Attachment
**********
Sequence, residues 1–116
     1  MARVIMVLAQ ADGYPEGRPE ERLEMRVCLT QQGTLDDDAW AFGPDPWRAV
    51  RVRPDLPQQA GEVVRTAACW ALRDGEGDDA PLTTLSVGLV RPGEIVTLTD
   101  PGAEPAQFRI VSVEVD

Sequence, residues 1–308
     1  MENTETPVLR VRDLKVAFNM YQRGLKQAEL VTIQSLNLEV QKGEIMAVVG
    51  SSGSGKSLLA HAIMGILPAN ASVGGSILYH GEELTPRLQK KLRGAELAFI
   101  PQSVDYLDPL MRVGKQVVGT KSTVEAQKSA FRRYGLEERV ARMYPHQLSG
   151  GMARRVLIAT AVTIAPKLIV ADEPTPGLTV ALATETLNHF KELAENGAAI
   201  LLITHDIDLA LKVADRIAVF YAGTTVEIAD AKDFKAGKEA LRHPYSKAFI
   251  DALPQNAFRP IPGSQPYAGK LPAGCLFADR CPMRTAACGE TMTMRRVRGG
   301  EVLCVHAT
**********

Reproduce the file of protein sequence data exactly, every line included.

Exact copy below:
Sequence, residues 1–116
     1  MARVIMVLAQ ADGYPEGRPE ERLEMRVCLT QQGTLDDDAW AFGPDPWRAV
    51  RVRPDLPQQA GEVVRTAACW ALRDGEGDDA PLTTLSVGLV RPGEIVTLTD
   101  PGAEPAQFRI VSVEVD

Sequence, residues 1–308
     1  MENTETPVLR VRDLKVAFNM YQRGLKQAEL VTIQSLNLEV QKGEIMAVVG
    51  SSGSGKSLLA HAIMGILPAN ASVGGSILYH GEELTPRLQK KLRGAELAFI
   101  PQSVDYLDPL MRVGKQVVGT KSTVEAQKSA FRRYGLEERV ARMYPHQLSG
   151  GMARRVLIAT AVTIAPKLIV ADEPTPGLTV ALATETLNHF KELAENGAAI
   201  LLITHDIDLA LKVADRIAVF YAGTTVEIAD AKDFKAGKEA LRHPYSKAFI
   251  DALPQNAFRP IPGSQPYAGK LPAGCLFADR CPMRTAACGE TMTMRRVRGG
   301  EVLCVHAT